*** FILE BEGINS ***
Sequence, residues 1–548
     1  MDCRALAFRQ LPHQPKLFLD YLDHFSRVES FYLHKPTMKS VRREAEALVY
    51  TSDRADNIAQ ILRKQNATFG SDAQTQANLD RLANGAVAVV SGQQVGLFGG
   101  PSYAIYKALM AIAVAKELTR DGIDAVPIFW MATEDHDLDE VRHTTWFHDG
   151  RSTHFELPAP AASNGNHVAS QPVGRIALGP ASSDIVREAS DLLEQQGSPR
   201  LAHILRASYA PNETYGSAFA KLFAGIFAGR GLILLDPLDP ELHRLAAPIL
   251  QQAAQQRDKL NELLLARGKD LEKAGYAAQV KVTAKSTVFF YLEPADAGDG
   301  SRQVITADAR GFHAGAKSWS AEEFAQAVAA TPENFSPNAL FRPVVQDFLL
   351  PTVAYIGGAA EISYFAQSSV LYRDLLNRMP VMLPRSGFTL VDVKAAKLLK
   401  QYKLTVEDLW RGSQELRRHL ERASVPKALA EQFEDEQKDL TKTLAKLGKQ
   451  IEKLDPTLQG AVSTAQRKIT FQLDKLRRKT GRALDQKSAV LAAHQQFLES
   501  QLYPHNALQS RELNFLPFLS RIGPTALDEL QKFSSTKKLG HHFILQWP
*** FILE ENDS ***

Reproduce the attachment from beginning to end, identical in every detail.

Sequence, residues 1–548
     1  MDCRALAFRQ LPHQPKLFLD YLDHFSRVES FYLHKPTMKS VRREAEALVY
    51  TSDRADNIAQ ILRKQNATFG SDAQTQANLD RLANGAVAVV SGQQVGLFGG
   101  PSYAIYKALM AIAVAKELTR DGIDAVPIFW MATEDHDLDE VRHTTWFHDG
   151  RSTHFELPAP AASNGNHVAS QPVGRIALGP ASSDIVREAS DLLEQQGSPR
   201  LAHILRASYA PNETYGSAFA KLFAGIFAGR GLILLDPLDP ELHRLAAPIL
   251  QQAAQQRDKL NELLLARGKD LEKAGYAAQV KVTAKSTVFF YLEPADAGDG
   301  SRQVITADAR GFHAGAKSWS AEEFAQAVAA TPENFSPNAL FRPVVQDFLL
   351  PTVAYIGGAA EISYFAQSSV LYRDLLNRMP VMLPRSGFTL VDVKAAKLLK
   401  QYKLTVEDLW RGSQELRRHL ERASVPKALA EQFEDEQKDL TKTLAKLGKQ
   451  IEKLDPTLQG AVSTAQRKIT FQLDKLRRKT GRALDQKSAV LAAHQQFLES
   501  QLYPHNALQS RELNFLPFLS RIGPTALDEL QKFSSTKKLG HHFILQWP